I took a self-imposed break from blogging though I continued commenting on other people’s blogs. Anyway, the break from blogging coincided with my break at school. Movies, Chuck E. Cheese, a visit to mom, editing of my novella, a staycation with my wife only, and sleeping in till 8:00 (yes, that is a big thing in my house) were just some of the highlights from my break. Of course, I found some time for self-loathing and questioning of my direction. However, the best part was not setting the alarm and moving at a different pace.
On Tuesday night, I had my clothes out, lunch made, lesson plans prepared, etc. I had psyched myself up and was ready to return to work. Then, I made a terrible mistake. I checked The site said it would feel like 9 degrees at 6 a.m. That is the time at which I am standing on a street corner praying for the bus to come. My heart sank as my resolve froze. Uggh. I added a pair of long johns to my pile of clothes.
Wednesday morning came, and I got out of bed and headed to the bathroom for my shower. You see, there are two types of people in this world: “shower-before-bed” people and “shower-in-the-morning” people. I happen to be the latter. Thus my shower serves a dual purpose: a clean start and a wake-up call.
I looked at the shower and had reservations. Let me tell you about our shower, and you will understand. It takes a couple of minutes for the water to warm up. Once it does warm up, it can be scalding. Now, you may be thinking to yourself, why don’t you just balance the hot and cold knobs so the water will come out at a temperature you are happy with. Sounds logical. However, my shower is not logical. The knobs are inconsistent, so I never know where to turn them to in order to get a comfortable temperature.
As I have mentioned many times, I often lack patience. So, sometimes in my rush to warm up the water, I turn the hot up too far. It will be a comfortable temperature when I get in and suddenly the water will be scalding. Then, I will turn the hot water down and pump up the cold water and a minute later, the water is freezing.

I have little tolerance for extreme temperatures. So, I spend half the shower jumping away from the water. I jump so often in the shower that it could be a new kind of exercise. You have zumba, pilates, and shower dance (sounds like it should be way more erotic than it actually is). This drastic change in temperature makes washing my private parts an act of faith. So, one minute, I’m burnt like a beach bum and the next minute, I’m frozen ala Walt Disney.

Then, you have water pressure. Well, you may have water pressure, but my shower sure doesn’t. Give my two cups of water and an hour, and I can generate more pressure than my shower.

So now, I have made a change. I am no longer a daytime shower person. It is too scary in that shower on cold winter mornings. In fact, you could say that I have a fear or phobia of my shower. There’s got to be a name for morning-shower phobia.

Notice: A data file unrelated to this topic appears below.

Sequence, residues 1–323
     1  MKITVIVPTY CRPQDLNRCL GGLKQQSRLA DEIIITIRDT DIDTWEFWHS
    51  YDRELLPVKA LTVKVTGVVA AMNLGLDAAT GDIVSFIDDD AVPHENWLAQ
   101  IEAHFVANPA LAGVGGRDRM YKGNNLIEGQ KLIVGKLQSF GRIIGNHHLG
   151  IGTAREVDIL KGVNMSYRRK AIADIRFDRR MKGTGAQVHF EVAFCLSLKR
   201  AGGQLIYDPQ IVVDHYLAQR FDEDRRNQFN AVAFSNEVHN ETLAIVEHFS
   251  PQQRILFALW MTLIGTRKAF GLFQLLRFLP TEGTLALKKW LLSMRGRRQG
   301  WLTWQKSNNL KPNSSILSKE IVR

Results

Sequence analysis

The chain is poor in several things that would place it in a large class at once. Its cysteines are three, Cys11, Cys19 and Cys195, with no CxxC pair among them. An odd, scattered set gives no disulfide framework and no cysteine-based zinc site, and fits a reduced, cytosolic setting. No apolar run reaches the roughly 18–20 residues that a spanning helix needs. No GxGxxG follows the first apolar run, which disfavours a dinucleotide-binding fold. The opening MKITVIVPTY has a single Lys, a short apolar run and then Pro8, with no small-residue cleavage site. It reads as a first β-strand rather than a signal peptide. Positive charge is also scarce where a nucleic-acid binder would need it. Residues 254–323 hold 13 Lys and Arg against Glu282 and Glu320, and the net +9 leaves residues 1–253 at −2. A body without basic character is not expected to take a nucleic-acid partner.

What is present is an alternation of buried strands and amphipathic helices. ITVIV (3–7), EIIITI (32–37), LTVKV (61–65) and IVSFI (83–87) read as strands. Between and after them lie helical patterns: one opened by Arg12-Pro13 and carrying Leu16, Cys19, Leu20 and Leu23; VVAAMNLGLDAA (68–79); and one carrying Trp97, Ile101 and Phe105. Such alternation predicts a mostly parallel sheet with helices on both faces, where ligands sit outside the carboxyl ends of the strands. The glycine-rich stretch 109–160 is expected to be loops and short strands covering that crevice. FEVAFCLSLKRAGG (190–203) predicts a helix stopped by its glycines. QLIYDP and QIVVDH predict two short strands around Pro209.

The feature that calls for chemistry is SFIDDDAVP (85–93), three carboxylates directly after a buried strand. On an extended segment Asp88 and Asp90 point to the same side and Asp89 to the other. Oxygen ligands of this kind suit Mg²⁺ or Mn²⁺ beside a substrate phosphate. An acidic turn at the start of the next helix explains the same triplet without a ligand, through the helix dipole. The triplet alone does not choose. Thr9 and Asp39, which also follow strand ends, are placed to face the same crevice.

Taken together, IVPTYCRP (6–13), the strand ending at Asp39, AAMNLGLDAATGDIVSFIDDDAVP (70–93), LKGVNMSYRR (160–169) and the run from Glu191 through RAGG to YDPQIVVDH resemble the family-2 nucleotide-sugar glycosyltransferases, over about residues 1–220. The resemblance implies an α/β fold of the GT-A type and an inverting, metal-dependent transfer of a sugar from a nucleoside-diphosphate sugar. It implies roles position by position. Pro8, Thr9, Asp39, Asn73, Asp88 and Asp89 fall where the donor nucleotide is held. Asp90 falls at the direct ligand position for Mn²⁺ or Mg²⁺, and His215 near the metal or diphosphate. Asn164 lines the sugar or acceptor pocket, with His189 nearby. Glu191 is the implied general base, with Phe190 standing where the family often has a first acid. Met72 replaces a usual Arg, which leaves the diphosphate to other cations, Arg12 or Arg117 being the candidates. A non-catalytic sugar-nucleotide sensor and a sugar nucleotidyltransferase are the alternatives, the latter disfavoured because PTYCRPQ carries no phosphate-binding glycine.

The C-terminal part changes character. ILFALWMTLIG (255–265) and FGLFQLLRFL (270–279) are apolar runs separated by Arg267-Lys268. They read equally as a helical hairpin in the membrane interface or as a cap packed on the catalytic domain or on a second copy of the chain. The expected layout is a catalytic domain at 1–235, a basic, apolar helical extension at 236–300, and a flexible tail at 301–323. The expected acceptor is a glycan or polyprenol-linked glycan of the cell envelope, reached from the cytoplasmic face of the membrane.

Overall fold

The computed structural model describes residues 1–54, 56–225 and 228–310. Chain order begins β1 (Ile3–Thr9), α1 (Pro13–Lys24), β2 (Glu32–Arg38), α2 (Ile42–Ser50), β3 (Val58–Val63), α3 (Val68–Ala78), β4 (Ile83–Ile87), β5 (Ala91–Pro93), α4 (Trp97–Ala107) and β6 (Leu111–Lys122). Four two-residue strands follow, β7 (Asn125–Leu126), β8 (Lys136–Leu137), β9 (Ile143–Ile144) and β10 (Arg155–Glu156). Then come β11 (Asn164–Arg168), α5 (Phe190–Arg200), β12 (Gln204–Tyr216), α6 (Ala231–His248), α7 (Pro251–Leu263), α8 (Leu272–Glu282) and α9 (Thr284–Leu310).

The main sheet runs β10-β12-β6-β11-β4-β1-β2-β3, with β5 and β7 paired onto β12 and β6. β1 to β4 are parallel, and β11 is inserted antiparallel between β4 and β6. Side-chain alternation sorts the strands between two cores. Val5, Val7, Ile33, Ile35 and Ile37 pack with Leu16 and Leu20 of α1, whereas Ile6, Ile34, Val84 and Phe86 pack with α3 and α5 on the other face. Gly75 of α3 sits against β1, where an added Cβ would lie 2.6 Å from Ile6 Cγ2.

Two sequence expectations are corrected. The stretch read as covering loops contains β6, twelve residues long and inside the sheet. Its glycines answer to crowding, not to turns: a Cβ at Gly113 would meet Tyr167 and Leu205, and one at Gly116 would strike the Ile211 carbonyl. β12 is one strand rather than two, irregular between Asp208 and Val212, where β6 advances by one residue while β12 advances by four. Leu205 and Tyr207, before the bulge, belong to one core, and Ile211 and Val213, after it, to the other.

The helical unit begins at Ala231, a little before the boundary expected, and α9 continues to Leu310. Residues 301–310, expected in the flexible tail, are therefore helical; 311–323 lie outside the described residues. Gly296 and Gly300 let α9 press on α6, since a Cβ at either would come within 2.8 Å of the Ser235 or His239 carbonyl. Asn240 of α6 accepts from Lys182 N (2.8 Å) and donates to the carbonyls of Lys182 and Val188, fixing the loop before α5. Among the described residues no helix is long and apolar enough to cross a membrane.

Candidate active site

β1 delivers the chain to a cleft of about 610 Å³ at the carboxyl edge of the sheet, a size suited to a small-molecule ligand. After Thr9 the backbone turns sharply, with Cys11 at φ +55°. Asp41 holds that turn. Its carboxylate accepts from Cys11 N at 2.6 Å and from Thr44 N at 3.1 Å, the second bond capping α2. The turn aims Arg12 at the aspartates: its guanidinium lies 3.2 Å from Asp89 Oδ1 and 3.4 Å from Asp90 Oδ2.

Fishing with Lou

Calm waters, bonding time, thrill of the pull. Yeah, I have no interest in fishing. Seriously.
My Uncle Lou passed away when I was 10. Unfortunately, I only have vague memories of him. My uncle fought in World War II, marched in the Mummers Parade, and was a September call up for the Philadelphia A’s.
Uncle Lou was the type of uncle that would buy you ice cream even though you were about to go home and eat dinner. He was the uncle who would come to your baseball games. He was the uncle who would make every trip seem interesting.
And he was the fisherman of the family. My father could get sea sick during a long bath. So, if my brothers or I were to go fishing, it would be because Uncle Lou took us. However, the majority of the fishing trips were for my two oldest brothers. I was too young or at least that is what I was told.
One day my next older brother, NG (by two years) and I were playing with our new fishing rods that Uncle Lou bought for us. It was a particularly slow summer day. NG and I stood next to each other in front of our house. We were in competition as brothers always are. The goal was to see who could cast their line further. I don’t remember who won, but I do remember it made me want to go fishing.
Eventually, Uncle Lou decided that NG & I were old enough to go fishing. And I caught a fish. Well, sort of. I had a bite on my line and pulled it in under Uncle Lou’s tutelage. I was excited and dreamed of telling my older brothers about my big catch. So after a moment, the fish became visible – barely. The fish was no more than six ounces and three inches and bloodied from the fight with my line. The pathetic thing eventually fell off my line – becoming lunch for some other sea animal.
Shortly, thereafter Uncle Lou called it a day. The fish weren’t biting, and the weather was ominous. We stopped at a diner on the way home. Uncle Lou congratulated me on my near catch and told NG he would do better next time.
Unfortunately, there was no next time with Uncle Lou. He died rather suddenly leaving everyone sad. He was one of the good ones.
Anyway my next and last fishing trip was just an excuse to drink beer with a couple of friends. Oh well.

This was a semi-elaborate way of saying I am taking a break from blogging. You know like they say – I’m gone fishing. I don’t where that term comes from. I’m sure I cold Google it, and I just might eventually. Anyway, I won’t be posting for the next week to 10 days. I need a break. I just might pop on WordPress and make some comments, and I might not. The lack of commitment. I am a guy you know.
Lastly, I want to wish Happy Holidays to all of you who will be celebrating Christmas next week. May it be a wonderful, peaceful, and joyous holiday.